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Category Archives: Triduum



“How we think shows through in how we act. Attitudes are mirrors of the mind. They reflect thinking.” –  David Joseph Schwartz

Years ago, people used charts and simple multiplication to calculate the time value of money. Then, Hewlett-Packard introduced its ubiquitous hand-held financial calculators, and those “time value of $1” charts faded from memory. The latest incarnation is the Web-based mortgage calculator, provided online by real estate brokerages and agents, lenders and mortgage brokers and such companies as Bankrate Monitor and Nolo Press, among others. Calculators pose intriguing questions: How much can you afford to borrow to buy a home? How much will your monthly mortgage payment be? Should you refinance your mortgage? And so on.

Do mortgage calculators work? Yes and no. Calculators plug user-entered data into complex equations that would be daunting for the average not mathematically inclined person to solve by hand. However, the results lack real-world reliability and can vary from one calculator to the next. Some calculators are so suspect, in fact, that they’re accompanied by small-print disclaimers warning consumers not to rely on the results. If you want to use online mortgage calculators, keep these caveats in mind:

Mortgage calculators rarely reveal their behind-the-scenes assumptions.
Few mortgage calculators are accompanied by any explanation of how they work or what assumptions are used. Does the monthly payment include mortgage insurance, if required? Does it include an impound account for property taxes and casualty insurance? Is the equation adjusted to reflect a higher interest rate on a jumbo loan or a non-owner-occupied property? The more questions you’re asked before you click “calculate,” the more reliable the outcome is likely to be, but that’s assuming the information you enter is correct.

Mortgage calculators can’t predict payments on hybrid or adjustable-rate mortgages (ARMs) beyond the initial fixed-rate period.

The interest rate on a traditional 30-year mortgage is a fixed constant that can be plugged into an equation, but the interest rate on a hybrid or ARM is unknown beyond the first adjustment, which might occur in one month, six months, a year, three years, five years or 10 years, depending on the mortgage. There’s no way for a calculator to account for this unknowable factor. Some calculators tackle the worst-case scenario. That’s useful up to a point, but again, the reliability of the results still depends on secret internal assumptions and formulas and the accuracy of user-entered data.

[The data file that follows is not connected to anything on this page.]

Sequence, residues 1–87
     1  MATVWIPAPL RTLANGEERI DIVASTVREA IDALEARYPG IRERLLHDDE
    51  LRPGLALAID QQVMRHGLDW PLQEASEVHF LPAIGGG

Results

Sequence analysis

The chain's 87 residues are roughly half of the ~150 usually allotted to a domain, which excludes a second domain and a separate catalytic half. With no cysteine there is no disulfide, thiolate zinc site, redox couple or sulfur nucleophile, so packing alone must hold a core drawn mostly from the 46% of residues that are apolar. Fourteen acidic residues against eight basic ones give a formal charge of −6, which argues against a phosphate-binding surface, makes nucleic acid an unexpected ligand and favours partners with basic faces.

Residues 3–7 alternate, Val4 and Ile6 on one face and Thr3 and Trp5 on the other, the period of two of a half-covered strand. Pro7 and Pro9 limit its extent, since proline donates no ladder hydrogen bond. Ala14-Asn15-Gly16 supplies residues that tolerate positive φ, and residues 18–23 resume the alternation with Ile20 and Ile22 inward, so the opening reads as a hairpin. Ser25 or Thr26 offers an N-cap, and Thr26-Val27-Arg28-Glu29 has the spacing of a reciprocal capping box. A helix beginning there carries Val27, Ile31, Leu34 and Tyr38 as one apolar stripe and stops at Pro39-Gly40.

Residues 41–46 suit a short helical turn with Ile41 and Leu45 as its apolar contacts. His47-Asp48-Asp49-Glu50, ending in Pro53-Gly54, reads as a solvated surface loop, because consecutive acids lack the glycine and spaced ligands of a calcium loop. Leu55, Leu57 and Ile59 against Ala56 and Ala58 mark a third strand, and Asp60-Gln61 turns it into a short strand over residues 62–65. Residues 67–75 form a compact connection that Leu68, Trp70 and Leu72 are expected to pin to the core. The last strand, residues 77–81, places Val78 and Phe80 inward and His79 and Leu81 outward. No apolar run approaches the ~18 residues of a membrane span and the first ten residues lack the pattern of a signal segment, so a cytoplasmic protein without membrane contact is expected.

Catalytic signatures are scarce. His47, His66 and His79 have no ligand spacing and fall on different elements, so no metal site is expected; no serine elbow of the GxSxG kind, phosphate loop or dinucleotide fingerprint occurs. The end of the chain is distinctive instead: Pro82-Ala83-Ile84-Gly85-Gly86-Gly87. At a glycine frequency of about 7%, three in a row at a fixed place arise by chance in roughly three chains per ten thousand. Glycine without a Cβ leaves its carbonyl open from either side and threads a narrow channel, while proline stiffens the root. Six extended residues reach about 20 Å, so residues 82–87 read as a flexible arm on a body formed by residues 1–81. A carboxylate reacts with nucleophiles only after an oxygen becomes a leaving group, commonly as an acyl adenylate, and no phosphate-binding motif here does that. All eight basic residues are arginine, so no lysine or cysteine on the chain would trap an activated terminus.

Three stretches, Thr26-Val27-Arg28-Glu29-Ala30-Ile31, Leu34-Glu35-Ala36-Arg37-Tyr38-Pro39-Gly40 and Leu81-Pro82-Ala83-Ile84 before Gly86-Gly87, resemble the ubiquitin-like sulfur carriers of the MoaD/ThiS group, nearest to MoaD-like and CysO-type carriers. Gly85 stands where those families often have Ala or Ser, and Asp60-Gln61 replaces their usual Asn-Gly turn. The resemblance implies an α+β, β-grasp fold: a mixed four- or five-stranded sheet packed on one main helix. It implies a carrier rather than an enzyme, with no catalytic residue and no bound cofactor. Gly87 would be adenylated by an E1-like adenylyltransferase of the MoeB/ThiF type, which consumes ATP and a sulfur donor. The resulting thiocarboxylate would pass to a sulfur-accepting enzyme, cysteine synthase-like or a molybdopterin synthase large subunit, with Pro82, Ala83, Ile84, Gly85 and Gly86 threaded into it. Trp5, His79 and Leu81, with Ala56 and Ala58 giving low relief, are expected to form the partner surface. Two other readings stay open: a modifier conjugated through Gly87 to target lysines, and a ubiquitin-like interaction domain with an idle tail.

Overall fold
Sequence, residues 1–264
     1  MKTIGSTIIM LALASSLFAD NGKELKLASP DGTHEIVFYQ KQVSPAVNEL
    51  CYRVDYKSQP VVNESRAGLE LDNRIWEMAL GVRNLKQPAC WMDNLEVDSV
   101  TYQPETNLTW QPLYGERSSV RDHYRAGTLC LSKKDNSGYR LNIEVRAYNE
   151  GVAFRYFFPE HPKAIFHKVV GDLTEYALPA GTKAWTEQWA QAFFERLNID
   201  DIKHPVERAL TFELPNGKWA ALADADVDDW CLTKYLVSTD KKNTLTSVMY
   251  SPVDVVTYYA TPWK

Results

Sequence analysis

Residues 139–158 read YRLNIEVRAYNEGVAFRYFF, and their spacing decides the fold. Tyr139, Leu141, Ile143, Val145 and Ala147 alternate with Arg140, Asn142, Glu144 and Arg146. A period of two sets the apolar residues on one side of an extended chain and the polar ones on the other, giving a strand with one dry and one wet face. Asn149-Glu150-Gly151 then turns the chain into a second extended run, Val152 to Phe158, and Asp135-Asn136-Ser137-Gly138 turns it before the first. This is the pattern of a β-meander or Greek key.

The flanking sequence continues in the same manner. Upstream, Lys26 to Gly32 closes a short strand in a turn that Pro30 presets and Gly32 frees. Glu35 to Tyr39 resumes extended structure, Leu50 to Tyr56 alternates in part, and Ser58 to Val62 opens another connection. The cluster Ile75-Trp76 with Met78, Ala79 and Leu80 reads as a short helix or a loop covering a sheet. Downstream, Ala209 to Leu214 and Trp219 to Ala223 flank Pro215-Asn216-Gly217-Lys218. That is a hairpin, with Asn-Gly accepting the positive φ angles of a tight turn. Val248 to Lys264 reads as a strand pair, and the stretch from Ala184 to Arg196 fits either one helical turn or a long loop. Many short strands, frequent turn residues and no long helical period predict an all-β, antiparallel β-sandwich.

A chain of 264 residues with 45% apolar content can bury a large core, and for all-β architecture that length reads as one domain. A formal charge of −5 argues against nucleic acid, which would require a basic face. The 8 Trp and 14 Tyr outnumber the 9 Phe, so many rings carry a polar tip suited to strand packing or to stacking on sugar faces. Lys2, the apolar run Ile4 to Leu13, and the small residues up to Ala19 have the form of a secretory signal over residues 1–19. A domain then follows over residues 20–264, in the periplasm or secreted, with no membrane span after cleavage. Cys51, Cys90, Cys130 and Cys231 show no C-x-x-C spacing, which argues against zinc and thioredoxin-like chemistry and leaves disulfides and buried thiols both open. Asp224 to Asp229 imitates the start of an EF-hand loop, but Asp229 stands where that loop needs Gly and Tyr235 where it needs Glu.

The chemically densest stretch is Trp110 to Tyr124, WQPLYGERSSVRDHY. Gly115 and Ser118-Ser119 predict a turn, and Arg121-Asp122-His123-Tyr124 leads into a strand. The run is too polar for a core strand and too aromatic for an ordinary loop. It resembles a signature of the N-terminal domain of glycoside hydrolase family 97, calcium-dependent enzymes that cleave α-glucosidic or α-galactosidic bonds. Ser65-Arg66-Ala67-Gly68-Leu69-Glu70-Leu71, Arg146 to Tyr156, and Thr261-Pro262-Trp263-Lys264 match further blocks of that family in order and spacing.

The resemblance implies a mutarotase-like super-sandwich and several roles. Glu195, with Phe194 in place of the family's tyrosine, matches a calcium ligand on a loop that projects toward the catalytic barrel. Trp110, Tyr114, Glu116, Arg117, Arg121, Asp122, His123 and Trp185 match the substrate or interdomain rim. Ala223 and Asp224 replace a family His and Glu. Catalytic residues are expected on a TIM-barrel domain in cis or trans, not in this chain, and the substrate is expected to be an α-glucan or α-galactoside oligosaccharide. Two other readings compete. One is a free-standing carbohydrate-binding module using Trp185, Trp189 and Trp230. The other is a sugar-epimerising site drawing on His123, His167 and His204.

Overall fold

Refinance calculators usually ignore the longer term on the new mortgage.
Many people refinance their existing mortgage with the goal of lowering their monthly payments. However, if you’ve been making payments on your existing mortgage for some time and the new mortgage will be amortized over a full 30 years, refinancing can cost more over the lifespan of the loan even if the monthly payments are lower. Mortgage calculators that purport to show whether you should refinance tend to focus on the monthly payment and the payback period for the refinancing costs, while ignoring the longer term of the new mortgage. This flaw is fatal.

Mortgage calculators can be fun and possibly educational.

The positive side to mortgage calculators is the ability to make rough comparisons among various scenarios. Plugging different numbers into one calculator can give novice borrowers good insights into the interplay between the cost of the home, the interest rate, the downpayment percentage and the monthly payment. But again, it’s important not to make real-world decisions solely on the basis of these numbers




Yesterday, from 3:00 until 4:00 in the afternoon, I attended the Good Friday service.  It is always a very moving experience for me.  The choir sings with such emotion, it is so beautiful.  The most touching part for me is the traditional veneration of the cross.  I just can’t keep it together during that time.  It is so very overwhelming for me, I get an up close view of Jesus’ bloody corpus on the cross and it just makes me cry.  Every year I tell myself – this year, I won’t cry, but I  just can’t help myself.   Jesus died on the cross for everyone’s sins!



Although this whole week is considered Holy Week in the Roman Rite, today begins the solemn Triduum, with what is known as Maundy Thursday or as is commonly called Holy Thursday.  This is the day all Catholics recall the events that took place the night Jesus was betrayed. The Holy Sacrifice of the Mass is itself a recreation of the Passover supper. According to tradition, every Jewish family, gathered at table on the feast of Passover eats the roasted lamb, recalling the Israelites’ deliverance from the slavery of Egypt. At the “Last Supper”, in the Cenacle, Jesus the true paschal Lamb, conscious of his imminent death, offered himself for our salvation. In the Holy Sacrifice of the Mass under the species of bread and wine, Jesus makes Himself present in a real way with his body given and his blood shed. At the Last Supper, Jesus washed the feet of his apostles, inviting them to love one another as he loved them, giving his life for them. Repeating this gesture in the Holy Sacrifice of the Mass this evening, the priest will wash the feet of twelve men. The liturgy continues as usual, with the exception of extra hosts being consecrated for use on Good Friday.  At the conclusion of the evenings’ liturgy, the altar is stripped, and the Blessed Sacrament is brought to a place of exposition, where Maundy Thursday is closed with Eucharistic Adoration in memory of the Lord’s agony in the Garden of Gethsemane.

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